While it was the rapid SAM development and the arrival of the SA-2 that would finally bring an end to the U-2 overflights with the downing of Gary Powers in 1960, Sukhoi’s Su-9 would feature in the episode briefly. Following unsuccessful interception attempts by MiG-19s stationed along the U-2’s route, an unarmed Su-9 on a ferry flight, and the only aircraft capable of reaching the U-2, was ordered to ram the intruder. The Su-9 failed to locate the target and Powers was shot down soon after. Despite the method of downing the U-2 and the prevailing missile hawks of the day (again, much like in the West), the episode actually reinforced the need for high altitude interceptors and by the mid-1960s almost thirty air defence units were equipped with the Su-9.

The later Su-11 was an upgraded Su-9 with a significantly more powerful engine, much more effective radar and armed with the newer R-8M missiles. The combination of the more powerful radar and missiles provided the Su-11 a greater maximum interception altitude, allowing targets well above its own flight level to be attacked. Both the Su-9 and -11 would perform a number of interceptions of actual targets that included straying Iranian fighters and a number of reconnaissance balloons (using a specially developed version of the R-8 missile to shoot down the large slow objects).

Only a small fraction of the improved Su-11s were built compared to their forebear. From the late 1960s, most Su-9s started being replaced by the massive Tu-128 interceptor. Retirements continued through the 1970s with most being superseded by the MiG-25 and the next evolutionary leap for Sukhoi interceptors with the Su-15.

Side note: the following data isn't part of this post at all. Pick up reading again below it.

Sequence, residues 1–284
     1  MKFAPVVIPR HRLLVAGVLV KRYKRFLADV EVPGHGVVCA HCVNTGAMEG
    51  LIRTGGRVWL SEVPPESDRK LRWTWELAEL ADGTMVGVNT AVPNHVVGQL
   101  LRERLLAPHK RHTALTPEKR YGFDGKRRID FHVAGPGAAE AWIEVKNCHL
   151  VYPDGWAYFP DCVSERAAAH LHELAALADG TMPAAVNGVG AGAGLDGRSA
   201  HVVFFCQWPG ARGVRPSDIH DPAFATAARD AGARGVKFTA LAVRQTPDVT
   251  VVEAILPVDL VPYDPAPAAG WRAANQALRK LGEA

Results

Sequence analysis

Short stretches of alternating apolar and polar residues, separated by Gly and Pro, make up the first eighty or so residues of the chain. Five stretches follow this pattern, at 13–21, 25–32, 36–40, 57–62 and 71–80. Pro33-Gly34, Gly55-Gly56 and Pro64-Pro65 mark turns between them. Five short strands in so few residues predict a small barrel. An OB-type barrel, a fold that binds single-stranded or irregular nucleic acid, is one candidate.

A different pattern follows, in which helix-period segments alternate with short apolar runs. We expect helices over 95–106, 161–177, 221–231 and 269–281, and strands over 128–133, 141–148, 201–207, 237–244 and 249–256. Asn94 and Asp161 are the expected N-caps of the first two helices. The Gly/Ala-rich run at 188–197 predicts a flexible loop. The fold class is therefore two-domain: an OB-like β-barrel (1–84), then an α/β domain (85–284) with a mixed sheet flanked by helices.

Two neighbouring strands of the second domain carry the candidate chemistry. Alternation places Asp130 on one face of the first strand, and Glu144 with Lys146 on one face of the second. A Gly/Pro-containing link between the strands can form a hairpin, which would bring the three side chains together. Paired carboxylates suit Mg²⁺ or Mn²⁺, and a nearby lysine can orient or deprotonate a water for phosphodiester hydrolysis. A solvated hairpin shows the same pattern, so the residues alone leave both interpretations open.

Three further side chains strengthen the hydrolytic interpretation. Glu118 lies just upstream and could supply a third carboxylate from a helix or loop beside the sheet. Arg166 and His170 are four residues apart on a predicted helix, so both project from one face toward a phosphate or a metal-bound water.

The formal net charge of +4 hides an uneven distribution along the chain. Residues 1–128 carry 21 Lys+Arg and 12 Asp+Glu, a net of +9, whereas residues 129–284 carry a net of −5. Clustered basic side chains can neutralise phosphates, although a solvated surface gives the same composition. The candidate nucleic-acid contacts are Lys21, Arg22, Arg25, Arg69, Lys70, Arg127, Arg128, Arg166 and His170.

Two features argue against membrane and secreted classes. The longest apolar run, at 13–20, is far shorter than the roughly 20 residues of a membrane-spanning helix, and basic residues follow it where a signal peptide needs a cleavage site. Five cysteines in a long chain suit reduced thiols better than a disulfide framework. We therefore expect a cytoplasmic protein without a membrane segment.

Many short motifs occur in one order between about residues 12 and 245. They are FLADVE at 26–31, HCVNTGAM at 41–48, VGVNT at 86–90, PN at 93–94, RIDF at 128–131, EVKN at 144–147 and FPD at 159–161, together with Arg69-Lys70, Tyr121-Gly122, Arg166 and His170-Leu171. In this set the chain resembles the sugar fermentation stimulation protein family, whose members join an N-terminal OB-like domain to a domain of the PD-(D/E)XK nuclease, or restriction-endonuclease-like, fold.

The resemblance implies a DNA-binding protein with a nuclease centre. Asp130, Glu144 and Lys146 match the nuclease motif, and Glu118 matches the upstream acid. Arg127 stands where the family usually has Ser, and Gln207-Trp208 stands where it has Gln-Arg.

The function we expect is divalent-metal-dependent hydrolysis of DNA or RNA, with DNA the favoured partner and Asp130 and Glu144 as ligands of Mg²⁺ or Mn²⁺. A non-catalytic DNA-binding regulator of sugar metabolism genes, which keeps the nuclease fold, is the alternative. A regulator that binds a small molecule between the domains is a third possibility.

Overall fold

The Su-15 began development as an internal project disguised as an upgrade to existing weapon systems. The new aircraft would feature two engines, a radar with increased detection range and longer-range missiles. The radar was to be a scaled-down version of the one created for the Tu-128. Much too large to fit in the shock cone of the Su-9/11’s axisymmetrical air intake, the design bureau opted for lateral air intakes with airflow control ramps – a design fairly unexplored in the Soviet Union at the time. Other design departures included a double-delta wing with increased span and area.

While the Su-15 was produced in large numbers, successfully protecting Soviet borders, it would become better known as the aircraft that shot down Korean Air Lines Flight KAL007 in 1983. The book includes a radio transcript excerpt between the Su-15 pilot and his ground controller during the interception and shoot down and this certainly makes for a rather thrilling read. It follows with an interview of Lieutenant Colonel Gennadiy Osipovich, the pilot of the Su-15. While he doesn’t necessarily offer much more than what became the official account, it is a fascinating read and only continues the debate that persists to this day.

Gordon and Komissarov include in-depth component detail of each interceptor with a fabulous selection of photos and illustrations. A separate chapter includes a focus on experimental models with important information on design evolution including weapons and radar. Annotated engineering diagrams, charts and tables, and the countless black and white and colour photos, are complemented with a large number of beautiful aircraft profiles throughout the book.

While the origins of this new release with Komissarov are still clear through some sections where it is reproduced verbatim from the original Midlands book – notably with some chapter references that do not align with this latest one, Schiffer’s Sukhoi Interceptors is much expanded and about as detailed as you are ever likely to get on the subject of early Sukhoi developments and, specifically, the ‘flying tubes’. Gordon’s access to Soviet material remains second-to-none and here he unloads with Komissarov to bring us an absolute treat on these important aircraft during turbulent times.

ISBN 978-0-76435-8-685